Why can't all the major environmental groups go into together on one comprehensive scorecard? Grassroots efforts are enhanced by RTK services like Scorecard. The folks fighting for environmental regulation on the municipal and state level need a unified resource.
E.S., Citizens for Healthy Growth
Denton, TX

I am certainly sad to hear that Scorecard may not be with us anymore. Having been part of this effort since its inception and having so many of my members that use the site to get information on pollution sources in their community, I am anxious to see us identify a way to keep it going. I think my board would be supportive of granting a stipend each year to keep the site active since so many of our members use it.
J.W., California Communities Against Toxics

I would suggest allowing ads on the site, I'm sure there are some progressive groups that would like to reach people concerned about pollution, like Grist or Mother Jones magazine, or Sierra Club.
C. K., Clean Water Action
Philadelphia, PA

I urge you to look into all options for maintaining Scorecard.org. Perhaps you can do so by requiring or suggesting a donation. You could do this by opening a window for donations whenever someone runs a zipcode search. Perhaps you could (with a coalition of other groups) apply for funding from the EPA.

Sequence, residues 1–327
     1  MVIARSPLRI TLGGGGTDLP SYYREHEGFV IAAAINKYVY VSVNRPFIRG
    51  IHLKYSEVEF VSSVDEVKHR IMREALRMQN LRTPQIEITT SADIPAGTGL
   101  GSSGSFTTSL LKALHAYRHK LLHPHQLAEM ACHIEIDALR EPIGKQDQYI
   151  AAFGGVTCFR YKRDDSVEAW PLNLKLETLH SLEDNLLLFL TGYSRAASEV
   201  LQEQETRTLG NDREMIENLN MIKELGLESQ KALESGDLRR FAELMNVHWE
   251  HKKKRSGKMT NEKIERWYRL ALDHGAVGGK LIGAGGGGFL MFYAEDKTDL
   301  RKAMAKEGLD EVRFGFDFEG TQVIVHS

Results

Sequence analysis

J. D., University of Minnesota

As a statewide organization we struggle every year to meet payroll and cover reasonable expenses to carry out our mission. We could pay a small fee per use of scorecard, but we have no financial resources to contribute to maintaining scorecard. Charging a fee to individuals will discourage use by those with a need and a right-to-know.
C. T., Sierra Club - John Muir Chapter
Madison WI

You may want to petition some of the industrial labor organizations (Health and Safety Depts) such as PACE, Teamsters (which has the railway workers now), ICWU, UAW, AFLCIO. American Public Health Association has Occupational Health and Environmental sections, so you may have some access to academic communities. Maybe you should consider allowing some advertising, but limit it to peace, environmental justice, environmentally friendly products and such. The Bill and Melinda Gates Foundation. Some websites do solicit donations on-line. Maybe you should state how much you need to continue operating the site. Please don't pull the plug just yet.
L.V, United Auto Workers

I think some university assistance would be a great idea. Some could be in-kind, with faculty/student/staff doing some of the work behind the site and with analysis. I believe EPA should be funding much of this work, since you all are essentially doing their outreach. However independence is crucial. Yale, University of Michigan, maybe Santa Cruz would be logical starting places. We would like to contribute somehow. Private foundations should pitch in. Maybe the World Bank, since they have long argued for the value of this kind of information in driving better environmental performance.
T. R. , Environmental Science and Policy, College of William and Mary
Williamsburg, VA

Are there national or state EPA funds available for cost sharing? Could donations be gathered to support the site at some of the larger annual sustainability conferences or Earth day events?
C. R., Sustain Environmental